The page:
Vacation Aspirations, Swimming Pool Schemes, and the Last Gifts of Summer

Summer Block
5 min readSep 14, 2019
Image by Foundry Co from Pixabay

We got married! At the end of the day, at the end of the summer, on the edge of a mountainside, everything held still at the precipitous edge of fall. To begin the ceremony, my witch, Amanda Yates Garcia, called forth the four elements from the four corners of the earth, and when she called to the spirits of the air in the east, a wind blew in, right on cue. Later Amanda texted to say that the east is the place of new beginnings, where the sun rises.

This year we made the mistake of scheduling all our day camps and road trips for the first few weeks of summer break, and so by the time August came around, there was nothing left to look forward to. At the beginning of summer break I had asked each kid to set one or two goals for their vacation: Beatrice wanted to write a long-form graphic novel and learn to use the loom she got for Christmas; Arthur wanted to design and sew a jacket, and to learn to do card tricks; William wanted to learn to swim and to read. It all started very idyllically. Beatrice took up horseback riding; William joined a club of neighborhood children who waged regular water gun battles in the park. We took the kids to see Twelfth Night in Griffith Park, Arthur proclaimed it “exquisite,” he came home with a new love of Shakespeare and began memorizing monologues. We went to the public pool almost every day and William made slow but steady progress on swimming.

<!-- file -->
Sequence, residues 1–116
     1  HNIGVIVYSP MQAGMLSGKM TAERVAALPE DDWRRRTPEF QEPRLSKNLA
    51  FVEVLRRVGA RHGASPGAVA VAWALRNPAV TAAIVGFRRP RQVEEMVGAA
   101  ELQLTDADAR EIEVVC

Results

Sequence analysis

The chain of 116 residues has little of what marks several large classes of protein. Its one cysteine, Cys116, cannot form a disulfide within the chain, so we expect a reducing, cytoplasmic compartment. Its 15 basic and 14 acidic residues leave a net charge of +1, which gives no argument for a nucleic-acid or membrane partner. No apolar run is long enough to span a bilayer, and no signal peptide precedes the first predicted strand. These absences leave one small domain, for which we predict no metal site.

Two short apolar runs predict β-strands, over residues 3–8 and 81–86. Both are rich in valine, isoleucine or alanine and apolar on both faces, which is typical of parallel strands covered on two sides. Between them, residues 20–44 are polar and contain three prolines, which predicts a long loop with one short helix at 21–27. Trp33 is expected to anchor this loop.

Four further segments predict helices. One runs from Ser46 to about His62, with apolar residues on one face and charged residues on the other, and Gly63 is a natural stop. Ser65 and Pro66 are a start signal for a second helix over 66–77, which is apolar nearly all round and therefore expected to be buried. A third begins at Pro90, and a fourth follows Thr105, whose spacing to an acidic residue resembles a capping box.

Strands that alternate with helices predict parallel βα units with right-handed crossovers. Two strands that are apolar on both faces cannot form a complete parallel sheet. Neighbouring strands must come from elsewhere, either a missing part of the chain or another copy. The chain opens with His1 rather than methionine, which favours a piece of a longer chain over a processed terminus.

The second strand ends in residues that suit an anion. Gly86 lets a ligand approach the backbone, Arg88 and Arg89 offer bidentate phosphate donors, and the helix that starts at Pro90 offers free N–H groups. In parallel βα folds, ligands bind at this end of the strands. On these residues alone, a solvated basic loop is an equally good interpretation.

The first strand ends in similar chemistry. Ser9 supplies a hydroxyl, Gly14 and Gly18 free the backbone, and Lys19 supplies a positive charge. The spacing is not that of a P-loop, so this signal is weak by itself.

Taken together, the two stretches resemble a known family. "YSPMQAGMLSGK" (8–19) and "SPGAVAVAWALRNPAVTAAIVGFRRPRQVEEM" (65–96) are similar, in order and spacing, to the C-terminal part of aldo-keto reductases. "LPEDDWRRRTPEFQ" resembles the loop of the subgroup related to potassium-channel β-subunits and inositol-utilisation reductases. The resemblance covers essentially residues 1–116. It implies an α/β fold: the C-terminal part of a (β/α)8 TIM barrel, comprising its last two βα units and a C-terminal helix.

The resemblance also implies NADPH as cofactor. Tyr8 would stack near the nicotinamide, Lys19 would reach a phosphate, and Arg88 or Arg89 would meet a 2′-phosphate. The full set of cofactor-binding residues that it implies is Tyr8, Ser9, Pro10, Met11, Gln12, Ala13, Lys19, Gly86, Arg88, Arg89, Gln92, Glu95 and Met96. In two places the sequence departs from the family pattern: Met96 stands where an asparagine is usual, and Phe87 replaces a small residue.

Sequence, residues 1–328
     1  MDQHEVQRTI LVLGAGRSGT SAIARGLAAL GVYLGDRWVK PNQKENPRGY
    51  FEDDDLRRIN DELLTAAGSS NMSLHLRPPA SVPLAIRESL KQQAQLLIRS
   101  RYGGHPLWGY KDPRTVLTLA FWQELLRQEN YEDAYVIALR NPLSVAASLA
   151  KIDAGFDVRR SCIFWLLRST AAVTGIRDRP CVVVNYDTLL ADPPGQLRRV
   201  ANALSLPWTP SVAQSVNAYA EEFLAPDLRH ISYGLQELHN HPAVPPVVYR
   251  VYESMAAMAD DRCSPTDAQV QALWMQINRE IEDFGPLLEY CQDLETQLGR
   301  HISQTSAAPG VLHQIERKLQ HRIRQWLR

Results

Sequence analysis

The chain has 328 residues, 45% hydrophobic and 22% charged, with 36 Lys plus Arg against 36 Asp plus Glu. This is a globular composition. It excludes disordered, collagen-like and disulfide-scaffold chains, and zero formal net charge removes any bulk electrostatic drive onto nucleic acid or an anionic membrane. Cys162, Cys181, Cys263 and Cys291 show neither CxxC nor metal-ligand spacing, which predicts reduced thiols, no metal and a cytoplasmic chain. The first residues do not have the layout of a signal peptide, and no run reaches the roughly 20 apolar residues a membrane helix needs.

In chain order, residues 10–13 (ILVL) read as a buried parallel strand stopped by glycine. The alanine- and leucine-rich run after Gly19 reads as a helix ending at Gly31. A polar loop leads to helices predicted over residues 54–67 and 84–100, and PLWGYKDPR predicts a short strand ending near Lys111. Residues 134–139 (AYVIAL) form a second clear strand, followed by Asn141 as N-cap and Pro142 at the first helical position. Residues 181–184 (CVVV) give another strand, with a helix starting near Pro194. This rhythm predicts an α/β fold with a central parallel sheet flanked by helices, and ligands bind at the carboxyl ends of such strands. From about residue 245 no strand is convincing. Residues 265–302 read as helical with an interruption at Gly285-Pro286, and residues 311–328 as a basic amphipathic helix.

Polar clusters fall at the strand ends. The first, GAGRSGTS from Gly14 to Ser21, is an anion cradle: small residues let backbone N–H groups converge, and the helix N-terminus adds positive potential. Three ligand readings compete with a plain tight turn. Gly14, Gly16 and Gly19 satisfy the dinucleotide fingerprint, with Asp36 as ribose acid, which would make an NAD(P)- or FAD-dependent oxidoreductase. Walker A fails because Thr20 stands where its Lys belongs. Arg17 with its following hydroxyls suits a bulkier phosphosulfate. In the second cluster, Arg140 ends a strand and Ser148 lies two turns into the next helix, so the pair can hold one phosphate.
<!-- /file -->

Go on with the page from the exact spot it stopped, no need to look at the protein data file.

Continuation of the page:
It all came apart. Or rather, it unspooled, as summer does, it came to nothing. An older girl called William a baby for wearing water wings and he refused to get back in the pool for the rest of the summer. Beatrice began picking pointless arguments with me, culminating in her adamant refusal to wear a sun shirt over her swimsuit and my adamant refusal to let her swim without one. Beatrice and William lost interest in Arthur’s monologues and card tricks. and he started to whine about missing his school friends, a new audience; like a comic who had worn through the same set too many times at the same bars, he longed to take his show on the road.

My nostalgia for summers past is largely a nostalgia for boredom, and the sort of endless afternoons that ticked over brown-carpet bedrooms and apartment complex swimming pools. (In fact, most of our summers were spent scheming about…

Summer Block

Writer for Catapult, Longreads, The Awl, The Toast, The Rumpus, McSweeney’s, and so on. Owner of After-Party Taxidermy. Working on a book about Halloween.